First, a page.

No need to read the verses above! Just a lot of the word ‘anthropos’ that appears there including the part that affirms that Jesus’ identity post resurrection is as ‘the man Christ Jesus’… and yet that is what I wish to challenge.
The resurrection is a very key event which has enormous ramifications for creation. The resurrection is not a Greek alive-after-death scenario affirming that there is life after death, rather it is the resurrection of a physical body that affirms God’s ongoing commitment to his work of creation and secures a physical future.
Jesus died, Jesus rose again. The body that went in the grave is the one that came out and there was a transformation of that body. He enters the grave male and comes out…
A little speculative theology about to be embarked on here.
I have considered the question about resurrection and gender in my little head before and had previously reasoned that if sexual identity is an element of my identity then resurrection would include that element. Recently though I have re-considered. So a little journey to get to where I am speculatively settling.
A few basics first, and in this terminology is not always easy. I consider that God is neither male nor female, but both masculine and feminine. Humanity (and I appreciate there are biological exceptions to this) are either male or female but both are masculine and feminine. In other words I am using male / female biologically and masculine / feminine to relate to characteristics, and in that open up the whole scenario to the critique of cultural and gender stereotypes.
Jesus was male and Jewish. Jewish as they were the redeeming nation that had lost the plot. Born of a woman and born under the law he came at a time when the ‘sins of the Jews’ had reached fullness:
Therefore this generation will be held responsible for the blood of all the prophets that has been shed since the beginning of the world, from the blood of Abel to the blood of Zechariah, who was killed between the altar and the sanctuary. Yes, I tell you, this generation will be held responsible for it all (Lk. 11:50,51 – ‘sins of the Jews’ is a cheeky, but I think appropriate, adaptation of the term ‘sins of the Amorites’ from Gen. 15).
The nation called to be the means of redemption are condemned under the power of sin and therefore needed a representative redeemer. He is the Jewish Messiah. He dies as a Jew – we will come back to his resurrection in due course on this. He is not only Jewish but male, not because of some inherent superiority in the male gender – far from it. Male, as male had partnered with the powers, as expressed in patriarchal rule. Such dominance is antithetical to the kingdom of God. Jesus, as male, broke, through his relationships, behaviour, words and action this male dominance. A simple example of his cultural opposition to patriarchy is in Luke 11: 27,28:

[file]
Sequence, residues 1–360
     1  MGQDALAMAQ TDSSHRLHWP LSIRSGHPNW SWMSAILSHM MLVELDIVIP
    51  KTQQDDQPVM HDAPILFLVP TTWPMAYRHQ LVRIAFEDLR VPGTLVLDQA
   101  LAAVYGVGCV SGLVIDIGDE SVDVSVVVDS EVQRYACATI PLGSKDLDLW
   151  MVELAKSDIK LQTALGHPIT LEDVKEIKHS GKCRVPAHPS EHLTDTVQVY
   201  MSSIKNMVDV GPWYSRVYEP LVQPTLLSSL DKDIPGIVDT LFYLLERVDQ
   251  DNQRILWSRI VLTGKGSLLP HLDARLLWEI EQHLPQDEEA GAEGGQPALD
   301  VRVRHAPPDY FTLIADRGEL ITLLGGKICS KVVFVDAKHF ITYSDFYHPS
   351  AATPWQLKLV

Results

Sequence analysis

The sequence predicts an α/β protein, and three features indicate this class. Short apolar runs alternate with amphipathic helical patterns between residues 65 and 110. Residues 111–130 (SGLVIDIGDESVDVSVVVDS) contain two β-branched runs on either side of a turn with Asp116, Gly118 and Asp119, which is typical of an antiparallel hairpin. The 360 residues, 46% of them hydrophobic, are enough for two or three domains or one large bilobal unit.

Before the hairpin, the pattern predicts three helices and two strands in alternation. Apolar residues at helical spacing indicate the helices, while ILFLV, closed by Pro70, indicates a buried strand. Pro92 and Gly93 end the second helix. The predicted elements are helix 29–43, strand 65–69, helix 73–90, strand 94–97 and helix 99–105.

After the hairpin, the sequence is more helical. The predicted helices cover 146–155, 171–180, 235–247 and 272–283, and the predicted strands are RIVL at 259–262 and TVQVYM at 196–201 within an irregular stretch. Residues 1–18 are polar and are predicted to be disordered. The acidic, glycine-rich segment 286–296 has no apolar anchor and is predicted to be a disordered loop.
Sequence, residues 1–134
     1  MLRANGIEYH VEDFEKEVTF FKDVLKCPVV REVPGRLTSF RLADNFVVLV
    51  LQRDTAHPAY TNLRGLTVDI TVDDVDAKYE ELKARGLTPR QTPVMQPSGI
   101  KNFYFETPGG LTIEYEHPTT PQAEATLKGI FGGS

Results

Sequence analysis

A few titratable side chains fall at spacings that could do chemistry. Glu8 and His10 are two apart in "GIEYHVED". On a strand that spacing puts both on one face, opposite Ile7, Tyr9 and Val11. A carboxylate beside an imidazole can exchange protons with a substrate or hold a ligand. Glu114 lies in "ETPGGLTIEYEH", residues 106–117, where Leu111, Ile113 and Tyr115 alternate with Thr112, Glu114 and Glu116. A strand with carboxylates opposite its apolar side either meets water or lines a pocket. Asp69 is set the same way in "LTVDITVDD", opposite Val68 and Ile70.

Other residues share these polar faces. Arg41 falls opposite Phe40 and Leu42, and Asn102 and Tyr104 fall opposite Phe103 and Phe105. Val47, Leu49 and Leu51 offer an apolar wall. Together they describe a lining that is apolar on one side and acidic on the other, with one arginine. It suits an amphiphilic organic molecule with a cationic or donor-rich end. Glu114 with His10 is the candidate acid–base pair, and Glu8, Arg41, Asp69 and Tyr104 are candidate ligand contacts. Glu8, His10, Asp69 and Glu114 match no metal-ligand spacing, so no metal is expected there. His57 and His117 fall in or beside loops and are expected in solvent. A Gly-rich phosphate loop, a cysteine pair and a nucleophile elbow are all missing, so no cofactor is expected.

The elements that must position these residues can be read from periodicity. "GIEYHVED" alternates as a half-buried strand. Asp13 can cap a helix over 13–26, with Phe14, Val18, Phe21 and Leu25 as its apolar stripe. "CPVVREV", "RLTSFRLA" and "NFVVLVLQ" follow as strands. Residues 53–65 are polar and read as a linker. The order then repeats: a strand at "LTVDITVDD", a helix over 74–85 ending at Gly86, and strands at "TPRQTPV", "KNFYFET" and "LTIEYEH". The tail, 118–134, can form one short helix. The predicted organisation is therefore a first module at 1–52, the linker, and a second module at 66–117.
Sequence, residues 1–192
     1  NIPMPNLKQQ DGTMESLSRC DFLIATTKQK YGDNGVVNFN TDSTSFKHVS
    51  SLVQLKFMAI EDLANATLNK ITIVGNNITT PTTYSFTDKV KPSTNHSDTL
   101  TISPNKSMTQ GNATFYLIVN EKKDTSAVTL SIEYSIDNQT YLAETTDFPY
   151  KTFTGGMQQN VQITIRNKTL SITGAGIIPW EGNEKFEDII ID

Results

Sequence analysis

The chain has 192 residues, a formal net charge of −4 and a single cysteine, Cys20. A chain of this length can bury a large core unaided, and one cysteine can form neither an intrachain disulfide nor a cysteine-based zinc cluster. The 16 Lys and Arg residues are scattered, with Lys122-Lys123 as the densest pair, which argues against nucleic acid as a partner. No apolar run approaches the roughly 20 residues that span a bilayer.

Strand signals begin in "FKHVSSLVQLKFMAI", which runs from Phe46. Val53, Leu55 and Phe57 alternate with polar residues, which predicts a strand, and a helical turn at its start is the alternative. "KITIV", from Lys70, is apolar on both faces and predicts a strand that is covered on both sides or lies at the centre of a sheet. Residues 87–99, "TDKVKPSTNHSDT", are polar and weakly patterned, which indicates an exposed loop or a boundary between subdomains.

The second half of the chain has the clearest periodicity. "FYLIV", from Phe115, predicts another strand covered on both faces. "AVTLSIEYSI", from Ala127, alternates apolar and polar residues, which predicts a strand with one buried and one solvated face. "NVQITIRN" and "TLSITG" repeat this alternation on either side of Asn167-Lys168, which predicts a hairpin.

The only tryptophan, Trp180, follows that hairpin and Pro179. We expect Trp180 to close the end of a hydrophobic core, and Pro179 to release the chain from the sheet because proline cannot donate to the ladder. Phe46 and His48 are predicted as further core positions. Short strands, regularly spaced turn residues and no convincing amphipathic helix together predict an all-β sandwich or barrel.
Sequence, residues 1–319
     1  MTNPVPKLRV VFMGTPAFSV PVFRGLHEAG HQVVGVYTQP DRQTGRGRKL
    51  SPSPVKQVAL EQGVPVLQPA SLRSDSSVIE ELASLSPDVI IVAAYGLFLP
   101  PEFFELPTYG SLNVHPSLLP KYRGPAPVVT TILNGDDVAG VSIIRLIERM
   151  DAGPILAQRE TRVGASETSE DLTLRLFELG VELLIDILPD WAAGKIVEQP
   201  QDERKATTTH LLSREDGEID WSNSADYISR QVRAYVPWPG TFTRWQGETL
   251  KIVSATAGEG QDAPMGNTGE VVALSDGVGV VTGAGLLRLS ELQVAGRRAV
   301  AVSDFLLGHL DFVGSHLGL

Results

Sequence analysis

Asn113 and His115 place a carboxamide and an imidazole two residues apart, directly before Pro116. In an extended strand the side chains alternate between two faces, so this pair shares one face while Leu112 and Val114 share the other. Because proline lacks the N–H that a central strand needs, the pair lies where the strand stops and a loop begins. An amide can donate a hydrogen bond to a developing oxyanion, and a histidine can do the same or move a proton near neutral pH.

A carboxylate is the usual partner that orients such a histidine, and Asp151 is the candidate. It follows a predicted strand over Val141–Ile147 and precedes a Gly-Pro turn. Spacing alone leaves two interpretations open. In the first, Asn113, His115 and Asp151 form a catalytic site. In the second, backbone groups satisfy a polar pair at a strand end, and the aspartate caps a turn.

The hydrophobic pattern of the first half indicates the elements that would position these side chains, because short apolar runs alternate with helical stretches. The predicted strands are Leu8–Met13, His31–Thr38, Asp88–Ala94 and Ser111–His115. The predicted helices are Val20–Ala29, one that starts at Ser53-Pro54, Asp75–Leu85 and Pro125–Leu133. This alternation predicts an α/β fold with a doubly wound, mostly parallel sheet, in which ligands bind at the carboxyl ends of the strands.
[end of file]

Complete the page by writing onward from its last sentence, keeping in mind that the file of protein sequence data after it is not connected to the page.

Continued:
As Jesus was saying these things, a woman in the crowd called out, “Blessed is the mother who gave you birth and nursed you.”
He replied, “Blessed rather are those who hear the word of God and obey it.”
Her world view spilled right out in the presence of such a truly human presence. A woman’s status was like climbing a set of steps to the pinnacle. A woman needed to be married (step 1), to have children (step 2), to have a male child (third step) and the ultimate was to be a woman who not only gave birth to a male child but to a rabbi of the stature of Jesus. In one short sentence he corrected this totally. A woman’s status was not tied to her marital nor maternal relationships. Males are not superior, females are not subservient.
He is male, not to demonstrate superiority, but to deal with patriarchy. Unless sin at the sharp end is dealt with there can be no redemption. If he dies as Jew he dies for the world; if he dies as male he dies for humanity. Now to the resurrection.
He rises as new humanity, a humanity that is neither Jew nor Greek. Hence I do not see Jesus today as Jewish. He dies as Jew, he rises trans-national. And then… yes I think I have also moved ground on the maleness of the resurrected Jesus. He dies male, but ‘in Christ there is neither male and female’. This verse uses the term ‘and‘ when referring to male and female, unlike the ‘nor’ when referring to Jew / Greek and slave / free. The ‘and’ pushes us back to Genesis when God created male and female. New humanity is not male and female.
There is in heaven a human mediator:
For there is one God and one mediator between God and mankind, the man Christ Jesus, who gave himself as a ransom for all people (1 Tim. 2: 5,6).
I chose this translation with all its clumsy male language deliberately. ‘Mankind’ would be much better translated as’ humanity’, and the term the ‘man Christ Jesus’ is the generic ‘anthropos’ (humanity) not the specific ‘aner’ (male). Jesus was male, he (?) is now still fully human, but this verse leaves open the gender issue in the sense of ‘male’ or ‘female’.
The Godhead was not and is not male nor female. The Godhead was not Jewish. Jesus in the incarnation was both Jewish and male, but now?